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Best Asian-Market Purchased sauce for stir -fried veggies?

ZenFoodist Nov 9, 2011 01:25 PM

I'm in Flushing New York and have access to fantastic Asian markets. I often make my own sauces for stir fries with ginger and garlic and sesame oil etc...However I want to have bottle of something to keep in the fridge for when I am uber-busy. I make a lot of pea shoot leaves ( dou miao) and choy sum. Any suggestions other than oyster sauce?

Many Thanks,
lisa

  1. Chemicalkinetics Nov 10, 2011 12:31 AM

    Like you said, oyster sauce is one. Other sauces I can think of as both useful for stir fried and for dipping:

    Hoisin sauce (海鮮醬)

    http://www.amazon.com/Koon-Chun-Hoisin-Sauce-jar/dp/B000EIP6MA

    Black Bean Garlic Sauce (蒜蓉豆豉酱

    )

    http://importfood.com/salk0801.html

    In my opinion, pea shoot leaves should not require any sauce aside from soy sauce. Choy sum can take on many sauces from plain nothing to soy sauce to even Hoisin sauce.

    1. huiray Nov 9, 2011 11:17 PM

      Try some sambal belacan (Malaysian) or sambal terasi (Indonesian) for those pea shoots. You can get these as a prepared paste with oil and seasonings in glass jars. Try kangkong (water spinach) with the sambal. Or other similar prepared shrimp pastes (e.g. shrimp paste w/ soy bean oil) similarly available in glass jars.

      I presume you are using Lee Kum Kee brand of oyster sauce? If not, you should be.

      For blanched-in-oily-water [rather than stir-fried] choy sum (and kai lan and tong ho and pak choy and wong nga pak and even the pea shoots if you wish; or lettuce especially romaine; or kale or chiffonaded collards or broccoli etc) - other than good oyster sauce (see above) I often use ponzu (soy) sauce + generous ground pepper (either white or black); sometimes a squirt of chili-garlic sauce (Lee Kum Kee is fine) + Kikkoman/good soy sauce.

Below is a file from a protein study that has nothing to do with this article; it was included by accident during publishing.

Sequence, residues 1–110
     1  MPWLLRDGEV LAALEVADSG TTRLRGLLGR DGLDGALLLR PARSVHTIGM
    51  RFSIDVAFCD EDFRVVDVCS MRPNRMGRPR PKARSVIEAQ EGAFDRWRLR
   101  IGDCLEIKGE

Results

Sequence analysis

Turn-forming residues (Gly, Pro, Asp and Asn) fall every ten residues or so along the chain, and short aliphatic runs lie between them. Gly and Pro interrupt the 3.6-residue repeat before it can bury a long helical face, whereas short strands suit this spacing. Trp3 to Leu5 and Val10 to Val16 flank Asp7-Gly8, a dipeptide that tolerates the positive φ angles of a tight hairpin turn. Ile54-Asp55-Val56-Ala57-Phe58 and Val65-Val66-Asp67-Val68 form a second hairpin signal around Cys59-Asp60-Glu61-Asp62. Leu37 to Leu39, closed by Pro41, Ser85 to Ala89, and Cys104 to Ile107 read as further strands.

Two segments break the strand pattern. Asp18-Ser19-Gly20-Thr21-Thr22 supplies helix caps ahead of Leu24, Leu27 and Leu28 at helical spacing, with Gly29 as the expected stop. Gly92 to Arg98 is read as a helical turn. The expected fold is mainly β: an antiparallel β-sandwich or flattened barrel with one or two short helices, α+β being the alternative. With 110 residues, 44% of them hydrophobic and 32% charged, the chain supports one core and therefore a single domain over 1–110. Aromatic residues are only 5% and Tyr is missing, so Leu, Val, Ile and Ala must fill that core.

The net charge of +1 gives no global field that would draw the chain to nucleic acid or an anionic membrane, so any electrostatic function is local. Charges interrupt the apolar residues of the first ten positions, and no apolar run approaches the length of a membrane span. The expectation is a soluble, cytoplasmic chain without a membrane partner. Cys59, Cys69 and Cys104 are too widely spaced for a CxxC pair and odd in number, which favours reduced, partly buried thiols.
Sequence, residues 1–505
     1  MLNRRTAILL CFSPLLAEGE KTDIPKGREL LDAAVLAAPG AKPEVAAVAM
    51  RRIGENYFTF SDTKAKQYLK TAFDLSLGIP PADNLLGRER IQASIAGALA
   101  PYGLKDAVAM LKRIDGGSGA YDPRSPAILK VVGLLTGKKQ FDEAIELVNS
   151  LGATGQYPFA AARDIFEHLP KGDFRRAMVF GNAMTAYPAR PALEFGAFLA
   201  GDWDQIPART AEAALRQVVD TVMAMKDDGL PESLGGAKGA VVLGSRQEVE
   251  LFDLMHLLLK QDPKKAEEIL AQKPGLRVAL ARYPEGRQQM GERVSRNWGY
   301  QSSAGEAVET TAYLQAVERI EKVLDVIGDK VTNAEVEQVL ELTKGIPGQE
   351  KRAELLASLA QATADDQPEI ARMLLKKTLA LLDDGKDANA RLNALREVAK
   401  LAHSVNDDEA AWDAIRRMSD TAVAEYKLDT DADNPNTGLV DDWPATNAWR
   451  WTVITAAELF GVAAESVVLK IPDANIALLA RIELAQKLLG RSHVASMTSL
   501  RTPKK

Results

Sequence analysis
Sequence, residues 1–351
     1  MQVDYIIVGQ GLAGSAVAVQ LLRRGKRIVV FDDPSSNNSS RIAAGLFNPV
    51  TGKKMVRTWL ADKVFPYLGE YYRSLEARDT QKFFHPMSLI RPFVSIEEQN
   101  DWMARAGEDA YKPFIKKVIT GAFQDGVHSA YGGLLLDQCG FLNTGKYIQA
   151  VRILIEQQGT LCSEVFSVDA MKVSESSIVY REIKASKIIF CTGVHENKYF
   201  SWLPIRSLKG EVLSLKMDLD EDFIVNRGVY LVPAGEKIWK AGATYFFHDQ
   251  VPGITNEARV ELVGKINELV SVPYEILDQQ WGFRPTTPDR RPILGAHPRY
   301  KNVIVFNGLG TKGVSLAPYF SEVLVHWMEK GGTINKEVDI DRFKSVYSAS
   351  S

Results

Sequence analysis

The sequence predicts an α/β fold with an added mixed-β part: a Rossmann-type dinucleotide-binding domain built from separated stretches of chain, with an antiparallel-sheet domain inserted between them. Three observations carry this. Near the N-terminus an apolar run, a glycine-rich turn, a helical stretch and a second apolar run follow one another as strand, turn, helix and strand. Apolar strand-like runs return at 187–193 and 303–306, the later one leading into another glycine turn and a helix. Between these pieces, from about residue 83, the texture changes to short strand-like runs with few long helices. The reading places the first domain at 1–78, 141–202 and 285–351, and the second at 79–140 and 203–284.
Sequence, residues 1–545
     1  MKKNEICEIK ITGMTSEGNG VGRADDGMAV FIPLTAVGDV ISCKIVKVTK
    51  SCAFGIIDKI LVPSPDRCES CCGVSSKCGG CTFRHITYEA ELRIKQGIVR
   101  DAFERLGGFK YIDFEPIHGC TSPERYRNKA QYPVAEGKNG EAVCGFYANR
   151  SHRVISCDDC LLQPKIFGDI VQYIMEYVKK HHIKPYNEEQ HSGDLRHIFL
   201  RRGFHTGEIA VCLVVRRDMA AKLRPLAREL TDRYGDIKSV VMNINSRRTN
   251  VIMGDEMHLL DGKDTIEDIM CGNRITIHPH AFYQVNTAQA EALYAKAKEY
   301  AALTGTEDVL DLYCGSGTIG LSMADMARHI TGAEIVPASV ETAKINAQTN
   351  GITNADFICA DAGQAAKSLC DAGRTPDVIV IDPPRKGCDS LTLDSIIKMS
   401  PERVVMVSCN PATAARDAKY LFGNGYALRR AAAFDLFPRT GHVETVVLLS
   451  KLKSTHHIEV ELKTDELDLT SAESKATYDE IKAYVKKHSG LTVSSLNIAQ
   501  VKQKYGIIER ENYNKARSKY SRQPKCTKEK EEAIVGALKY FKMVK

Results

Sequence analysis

With stir-fries that black bean garlic sauce mentioned by escondido is an option (don't overdo it) but not with all veggies; I personally wouldn't use it with choy sum. Other options include splashing some drunken chicken marinade in it (careful with it; but it works well for my taste) or some fish sauce (nước mắm)... Why not simply smash a clove or two of garlic, peel it and toss it in the oil? Takes 30 seconds. Then add the sauce of your choice, or nothing at all, besides salt. Or a splash of Shaohsing wine or that drunken chicken marinade I mentioned or your oyster sauce...

      1. e
        escondido123 Nov 9, 2011 01:51 PM

        I like the black bean garlic paste though I'm not familiar with the dishes you mentioned.

        1. scoopG Nov 9, 2011 01:35 PM

          Lan Chi (ex Taiwan) makes some good products.

          http://www.lanchifoods.com/Products.htm

          1. w
            Westy Nov 9, 2011 01:30 PM

            I have tried a few over the years, and honestly, the quality is awlays really, really sub-par.
            That being said, my (Taiwanese) wife really liked Guy Fieri's stir-fry sauce. I think it is at least okay.
            But really, the ones at the Asian markets are almost all gluey/salty/over soy sauced disasters.
            Matt

            2 Replies
            1. re: Westy
              m
              mpalmer6c Nov 11, 2011 01:34 AM

              I totally agree about bottled sauces. But I just found
              one I love : Thai yellow curry sauce. I don't use it
              straight, though -- I add it to my own sauce with chicken
              broth, corn starch, sugar, lemon juice and garlic. Obviously,
              you can use any additions you like, such as ginger.
              For a little heat, try Thai red curry paste.

              1. re: mpalmer6c
                w
                Westy Nov 11, 2011 05:46 AM

                There is one Thai brand I really like. it comes in a little cardboard container, and when you get it, it is in a bag on the inside. The package reminds me of a pint of ice cream. If that is the brand you are thinking of - I totally agree. Alkl of those curries are good. But, not really for stir frying. I tend to cook the vegetables and protein on the side, then add in at the last minute. And I add Thai basil from the garden. Dang that is some good stuff.

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